Health and Safety Executive to enforce head injuries in sport?
The issue of head injuries and concussion in sport is a very serious one.
Health and Safety Executive to enforce head injuries in sport? — a look at one of the more unusual recommendations in Parliamentary committee’s “Concussion in Sport” Report
“We are astounded that sport should be left by the Health and Safety Executive to mark its own homework.”
This was the stark criticism of the Digital, Culture, Media and Sport Committee in its “Concussion in Sport” report published on 22 July 2021.
Along with recommendations to NHS England and UK Sport, the Committee called on the Government to “mandate the Health and Safety Executive to work with National Governing Bodies of all sports to establish, by July 2022, a national framework for the reporting of sporting injuries … [and]… within a year of the framework being published, all organised sports should be required to report any event that might lead to acquired brain injury.” It also suggested the Health and Safety at Work etc Act 1974 as a possible vehicle for HSE’s involvement.
Concussion in sport
The issue of head injuries and concussion in sport is a very serious one. The scientific evidence given to the Committee suggests a possible correlation between those involved in particular sports and an increased incidence of dementia in later life. However, current scientific evidence does not demonstrate a causal link with any specific practice, activity or incident, and so exactly how to address the issue of head injury in sport is clearly a matter for hot debate.
That debate is for others to have, however the recommendation that monitoring and/or enforcement in relation to head injuries might be an issue for the HSE — who are responsible for enforcing health and safety legislation through, amongst other things, the bringing of criminal prosecutions — raises a number of fundamental issues, both legal and practical.
The first issue is that HSE’s stated position to date has been that “Health and safety law does not cover safety matters arising out of the sport or activity itself”. This could lead to issues regarding its involvement at both a policy level and an enforcement level, and would therefore appear to require primary legislation. Any such primary legislation would likely be the subject of substantial lobbying and there would likely be considerable challenges in getting it through Parliament.
Secondly, if any enforcement were to be required, then it would not normally be HSE who have the relevant enforcement jurisdiction. The aspects of sport and leisure activities that do fall under health and safety law predominantly fall under the jurisdiction of local authority environmental health officers, rather than HSE inspectors (there are some exceptions, most notably in an education setting or where facilities or activities are organised by the local authority itself). It would be very difficult for local authorities to enforce a national framework in any consistent way.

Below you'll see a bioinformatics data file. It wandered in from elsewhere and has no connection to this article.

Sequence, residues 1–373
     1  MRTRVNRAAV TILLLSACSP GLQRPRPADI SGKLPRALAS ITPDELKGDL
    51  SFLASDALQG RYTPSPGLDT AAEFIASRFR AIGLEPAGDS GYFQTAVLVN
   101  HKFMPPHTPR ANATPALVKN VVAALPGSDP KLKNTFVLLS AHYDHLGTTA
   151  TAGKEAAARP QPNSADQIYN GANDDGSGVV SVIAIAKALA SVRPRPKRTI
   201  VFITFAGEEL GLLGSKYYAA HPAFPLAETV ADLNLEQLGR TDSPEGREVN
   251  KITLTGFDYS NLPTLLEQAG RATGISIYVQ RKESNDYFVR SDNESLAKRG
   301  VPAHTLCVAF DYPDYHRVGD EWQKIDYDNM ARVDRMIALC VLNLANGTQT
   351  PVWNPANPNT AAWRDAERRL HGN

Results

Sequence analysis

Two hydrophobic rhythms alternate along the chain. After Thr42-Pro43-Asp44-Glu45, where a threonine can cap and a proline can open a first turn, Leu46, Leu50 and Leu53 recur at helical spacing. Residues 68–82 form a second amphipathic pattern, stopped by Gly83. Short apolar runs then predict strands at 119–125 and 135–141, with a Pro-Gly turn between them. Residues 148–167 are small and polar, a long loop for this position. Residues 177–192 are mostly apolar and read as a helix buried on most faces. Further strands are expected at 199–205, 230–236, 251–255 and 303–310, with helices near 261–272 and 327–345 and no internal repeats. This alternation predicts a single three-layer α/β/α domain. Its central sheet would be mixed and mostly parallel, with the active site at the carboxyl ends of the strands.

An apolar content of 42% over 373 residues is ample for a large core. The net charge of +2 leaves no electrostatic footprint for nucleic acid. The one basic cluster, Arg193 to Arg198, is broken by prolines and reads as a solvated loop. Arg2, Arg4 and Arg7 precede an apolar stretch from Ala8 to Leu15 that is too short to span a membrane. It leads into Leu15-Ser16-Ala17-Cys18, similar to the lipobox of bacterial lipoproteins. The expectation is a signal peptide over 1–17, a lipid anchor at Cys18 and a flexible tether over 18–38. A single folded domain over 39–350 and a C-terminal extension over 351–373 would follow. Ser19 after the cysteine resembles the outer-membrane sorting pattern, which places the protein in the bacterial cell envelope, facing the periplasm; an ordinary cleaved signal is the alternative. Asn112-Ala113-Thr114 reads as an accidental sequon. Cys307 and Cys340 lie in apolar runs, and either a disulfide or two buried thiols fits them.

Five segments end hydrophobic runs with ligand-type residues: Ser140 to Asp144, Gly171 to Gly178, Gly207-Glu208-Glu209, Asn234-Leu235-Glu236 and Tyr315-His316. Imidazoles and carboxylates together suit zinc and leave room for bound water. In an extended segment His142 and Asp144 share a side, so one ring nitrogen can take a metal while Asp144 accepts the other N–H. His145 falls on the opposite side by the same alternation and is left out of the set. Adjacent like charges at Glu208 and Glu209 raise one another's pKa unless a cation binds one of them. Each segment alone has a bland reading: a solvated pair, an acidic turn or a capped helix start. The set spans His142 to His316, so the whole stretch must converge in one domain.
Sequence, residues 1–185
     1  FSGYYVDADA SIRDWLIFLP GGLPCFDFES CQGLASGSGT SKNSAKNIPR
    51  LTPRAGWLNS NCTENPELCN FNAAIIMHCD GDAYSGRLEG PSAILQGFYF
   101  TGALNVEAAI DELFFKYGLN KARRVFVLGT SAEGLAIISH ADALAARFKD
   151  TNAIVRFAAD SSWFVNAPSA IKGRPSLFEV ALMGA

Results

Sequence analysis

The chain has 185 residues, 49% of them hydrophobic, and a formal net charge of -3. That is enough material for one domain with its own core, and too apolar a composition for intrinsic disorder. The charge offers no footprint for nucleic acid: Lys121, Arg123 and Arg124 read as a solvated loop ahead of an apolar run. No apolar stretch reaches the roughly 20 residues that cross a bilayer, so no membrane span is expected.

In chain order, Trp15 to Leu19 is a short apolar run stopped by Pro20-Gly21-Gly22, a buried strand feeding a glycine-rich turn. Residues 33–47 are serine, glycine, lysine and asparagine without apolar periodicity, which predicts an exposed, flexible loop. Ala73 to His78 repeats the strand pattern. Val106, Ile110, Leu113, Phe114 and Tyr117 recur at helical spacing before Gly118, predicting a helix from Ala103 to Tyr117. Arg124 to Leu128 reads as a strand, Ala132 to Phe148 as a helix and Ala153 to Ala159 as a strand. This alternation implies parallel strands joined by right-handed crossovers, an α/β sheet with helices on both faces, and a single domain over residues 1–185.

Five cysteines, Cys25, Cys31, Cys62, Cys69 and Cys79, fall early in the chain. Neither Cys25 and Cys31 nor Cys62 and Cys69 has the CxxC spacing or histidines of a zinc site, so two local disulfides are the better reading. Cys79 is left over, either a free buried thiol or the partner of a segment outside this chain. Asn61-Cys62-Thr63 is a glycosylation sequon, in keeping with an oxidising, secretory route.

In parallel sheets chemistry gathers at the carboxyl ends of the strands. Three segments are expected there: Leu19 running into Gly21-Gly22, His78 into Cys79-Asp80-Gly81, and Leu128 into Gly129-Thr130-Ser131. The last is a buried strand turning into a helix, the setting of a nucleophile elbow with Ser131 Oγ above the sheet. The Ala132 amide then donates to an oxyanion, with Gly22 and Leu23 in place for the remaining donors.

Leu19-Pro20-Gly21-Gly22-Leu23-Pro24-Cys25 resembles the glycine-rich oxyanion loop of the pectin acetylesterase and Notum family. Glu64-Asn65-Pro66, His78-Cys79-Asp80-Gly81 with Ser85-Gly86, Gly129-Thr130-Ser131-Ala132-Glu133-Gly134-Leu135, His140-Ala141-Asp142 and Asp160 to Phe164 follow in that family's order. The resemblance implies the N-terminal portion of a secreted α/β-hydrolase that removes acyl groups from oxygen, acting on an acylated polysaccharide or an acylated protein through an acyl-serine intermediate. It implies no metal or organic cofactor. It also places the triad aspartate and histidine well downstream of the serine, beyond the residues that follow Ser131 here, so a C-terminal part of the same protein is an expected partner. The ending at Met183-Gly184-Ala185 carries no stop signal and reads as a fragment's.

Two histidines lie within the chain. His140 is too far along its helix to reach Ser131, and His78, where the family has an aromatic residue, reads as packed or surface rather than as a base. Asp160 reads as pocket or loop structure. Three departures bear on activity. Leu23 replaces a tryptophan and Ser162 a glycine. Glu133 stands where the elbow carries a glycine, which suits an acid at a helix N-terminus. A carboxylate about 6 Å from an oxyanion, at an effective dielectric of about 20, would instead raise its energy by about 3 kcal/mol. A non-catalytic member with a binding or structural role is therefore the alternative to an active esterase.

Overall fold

Another huge issue would be the proposed application of such rules to community “grass roots” sport. From a legal angle, many amateur sports clubs do not owe duties under health and safety legislation (as such legislation predominantly applies to employers) — bringing potentially hundreds of thousands of organisations within the ambit of criminal legislation is unlikely to be welcomed. From a practical angle, as my time on the committee of my rugby club tells me, there is often not the organisational infrastructure in place at grass roots level to allow for such a system to work in practice.
However, by far the biggest issue would appear to be the sheer scale of the exercise suggested. Take rugby for example. The RFU’s “Headcase” Guidelines currently estimates one concussion injury in every 2-3 games at professional level, tapering down to one in every 10 games for 15-18 year-olds and one every 25 games at adult community level. The evidence heard by the Committee from Professor Willie Stewart was that it could be as high as one every game at professional level. With the number of rugby matches being played across the country every week, that is a huge number of injuries the Committee is expecting the national governing body to have reported to it, and (presumably) to action or monitor some sort of response to it and then report to the HSE
That is just one sport. Studies indicate that in other sports head injuries are just as prevalent — equestrian sports contribute to the highest percentage of traumatic brain injuries for adults, and such injuries are also commonplace in boxing, football, motorsport and a whole range of other popular sports. Once all sports are factored in, the administrative burden on all governing bodies, and on HSE (or local authorities) to monitor those governing bodies and that collective data, would appear to be considerable.
Of course, we do not yet know if the government intends to take up this recommendation, and what any such reaction from HSE would be. However, it is something which should concern all involved in the organisation of sports — from National Governing Bodies and professional clubs, right down to community “grass roots” clubs/participants.
For further information on the HSE's guidance on concussion in sport, contact our sports law solicitors.